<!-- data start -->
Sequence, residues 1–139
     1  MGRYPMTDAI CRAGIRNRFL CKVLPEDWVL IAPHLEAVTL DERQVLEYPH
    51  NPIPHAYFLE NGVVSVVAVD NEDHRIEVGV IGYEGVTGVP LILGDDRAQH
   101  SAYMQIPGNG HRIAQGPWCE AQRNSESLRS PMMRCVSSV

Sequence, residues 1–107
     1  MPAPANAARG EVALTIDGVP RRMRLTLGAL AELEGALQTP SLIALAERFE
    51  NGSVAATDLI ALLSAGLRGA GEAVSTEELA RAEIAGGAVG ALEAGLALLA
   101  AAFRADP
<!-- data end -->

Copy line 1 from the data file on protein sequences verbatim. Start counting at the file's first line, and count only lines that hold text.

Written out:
Sequence, residues 1–139